Oil Change International has joined Public Citizen, Friends of the Earth, and Greenpeace in filing a legal complaint against Chevron arguing that a political donation it made during the 2012 election violated long-standing anti-corruption rules.

At the peak of the 2012 elections, Chevron dumped a whopping $2.5 million into an election fundraising organisation called a super PAC, which was devoted solely to running negative adverts against Democrats seeking election to the House of Representatives.

The complaint, to the US Federal Election Commission, alleges that Chevron violated a long-standing federal prohibition against campaign-related contributions by government contractors.

The $2.5 million contribution from Chevron was donated to a Republican-tied super PAC, the Congressional Leadership Fund, which is tied to speaker John Boehner (R-Ohio).

The problem for Chevron is that it is also a government contractor. The oil giant has entered into federal contracts worth a total of over $44 million since 2000, according to the complaint.

And contractors are strictly prohibited by American federal law from making “any … contribution to any political party, committee or candidate for public office or to any person for any political purpose or use.”

The ban, also known as the “pay-to-play” prohibition, was passed by Congress way back in 1940 to curb corruption and the appearance of corruption due to the unique circumstances of private businesses bidding for lucrative government contracts.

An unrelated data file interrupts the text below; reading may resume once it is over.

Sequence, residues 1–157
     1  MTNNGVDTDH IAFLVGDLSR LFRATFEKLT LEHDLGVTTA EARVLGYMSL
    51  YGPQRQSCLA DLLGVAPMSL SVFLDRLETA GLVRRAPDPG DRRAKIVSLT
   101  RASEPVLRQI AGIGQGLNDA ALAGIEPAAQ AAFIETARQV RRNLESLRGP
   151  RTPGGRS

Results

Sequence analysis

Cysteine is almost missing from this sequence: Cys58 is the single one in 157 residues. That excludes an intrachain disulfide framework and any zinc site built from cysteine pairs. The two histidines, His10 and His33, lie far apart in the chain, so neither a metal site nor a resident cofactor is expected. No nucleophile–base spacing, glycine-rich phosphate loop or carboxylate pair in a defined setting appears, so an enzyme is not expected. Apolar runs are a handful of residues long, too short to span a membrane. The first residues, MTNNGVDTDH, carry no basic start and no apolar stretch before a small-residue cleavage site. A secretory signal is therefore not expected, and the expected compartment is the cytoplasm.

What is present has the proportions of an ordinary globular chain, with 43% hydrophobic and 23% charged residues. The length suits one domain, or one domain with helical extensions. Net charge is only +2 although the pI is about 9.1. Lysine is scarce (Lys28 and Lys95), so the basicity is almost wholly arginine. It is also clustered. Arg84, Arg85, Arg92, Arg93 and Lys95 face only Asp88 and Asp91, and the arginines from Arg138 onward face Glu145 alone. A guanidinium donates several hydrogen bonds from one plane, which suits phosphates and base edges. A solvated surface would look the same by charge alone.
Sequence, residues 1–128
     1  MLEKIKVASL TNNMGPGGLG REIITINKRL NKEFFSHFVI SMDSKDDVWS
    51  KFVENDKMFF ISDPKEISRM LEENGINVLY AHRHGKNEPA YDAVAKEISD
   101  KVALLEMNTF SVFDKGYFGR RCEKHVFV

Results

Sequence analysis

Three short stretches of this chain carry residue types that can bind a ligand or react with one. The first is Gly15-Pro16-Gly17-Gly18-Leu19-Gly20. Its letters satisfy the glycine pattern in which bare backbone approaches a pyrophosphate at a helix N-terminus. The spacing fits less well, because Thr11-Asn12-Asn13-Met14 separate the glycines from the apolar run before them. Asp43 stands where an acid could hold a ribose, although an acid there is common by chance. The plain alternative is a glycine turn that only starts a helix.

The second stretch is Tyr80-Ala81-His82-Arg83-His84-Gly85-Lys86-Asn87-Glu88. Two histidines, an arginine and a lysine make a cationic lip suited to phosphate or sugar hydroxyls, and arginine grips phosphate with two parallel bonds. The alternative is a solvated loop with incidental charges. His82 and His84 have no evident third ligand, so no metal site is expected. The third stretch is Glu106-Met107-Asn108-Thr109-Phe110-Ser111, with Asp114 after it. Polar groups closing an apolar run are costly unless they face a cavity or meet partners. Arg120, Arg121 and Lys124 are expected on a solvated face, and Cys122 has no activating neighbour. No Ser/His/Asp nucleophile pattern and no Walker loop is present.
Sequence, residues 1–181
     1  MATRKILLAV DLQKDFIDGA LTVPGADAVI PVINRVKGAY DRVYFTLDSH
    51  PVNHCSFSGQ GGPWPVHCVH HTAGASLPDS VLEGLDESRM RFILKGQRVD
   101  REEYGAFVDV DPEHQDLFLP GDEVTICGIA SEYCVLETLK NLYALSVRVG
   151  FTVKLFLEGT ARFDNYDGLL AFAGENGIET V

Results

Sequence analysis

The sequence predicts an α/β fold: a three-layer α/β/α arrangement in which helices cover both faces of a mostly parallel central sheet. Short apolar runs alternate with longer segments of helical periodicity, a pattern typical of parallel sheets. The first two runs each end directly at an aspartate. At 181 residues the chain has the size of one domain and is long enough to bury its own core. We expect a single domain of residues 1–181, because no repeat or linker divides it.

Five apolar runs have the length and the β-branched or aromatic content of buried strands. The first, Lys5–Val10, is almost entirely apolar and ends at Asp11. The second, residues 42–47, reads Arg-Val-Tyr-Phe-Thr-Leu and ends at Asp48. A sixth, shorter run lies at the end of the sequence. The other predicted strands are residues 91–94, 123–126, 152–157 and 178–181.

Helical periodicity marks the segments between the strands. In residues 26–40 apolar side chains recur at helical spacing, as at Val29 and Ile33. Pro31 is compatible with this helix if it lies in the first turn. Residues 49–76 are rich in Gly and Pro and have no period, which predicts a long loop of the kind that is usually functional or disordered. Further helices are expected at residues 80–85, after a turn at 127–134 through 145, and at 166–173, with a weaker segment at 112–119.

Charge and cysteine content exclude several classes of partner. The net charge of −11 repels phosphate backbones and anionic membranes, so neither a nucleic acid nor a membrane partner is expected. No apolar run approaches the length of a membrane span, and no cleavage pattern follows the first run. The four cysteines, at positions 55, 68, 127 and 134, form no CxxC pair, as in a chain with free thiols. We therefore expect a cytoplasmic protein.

“The ‘pay-to play’ prohibition exists because of a long and seedy record of companies attempting to buy lucrative government business by filling the campaign coffers of politicians,” argues Craig Holman, the government affairs lobbyist for Public Citizen. “The same process also protects against officials extorting money from companies wishing to do business with the government.”

Steve Kreztmann, from Oil Change International added: “Chevron’s multimillion dollar contribution to the super PAC run on behalf of the National Republican Congressional Committee and House Speaker John Boehner is classic pay-to-play abuse at its worst.”

He continued: “That money buys them government contracts and House leadership that reliably backs Big Oil’s agenda including preserving subsidies and gutting regulations. It’s a bargain for Chevron, and the American people have to pay.”

Chevron’s contribution accounted for about 22 per cent of the super PAC’s $11.3 million in receipts for the 2012 elections. The group spent $9.4 million in the elections, all of it on ads attacking 14 Democratic House of Representatives candidates.

If successful the complaint could have wide-ranging political ramifications, affecting super PAC contributions by other large companies, many of whom do business with the government.

But don’t hold your breath, the FEC can take months or years to process an enforcement complaint.

In the meantime, Public Citizen and the other groups have also set up a petition. Read and sign it here if you believe Chevron should be made accountable.

Read the full complaint here.

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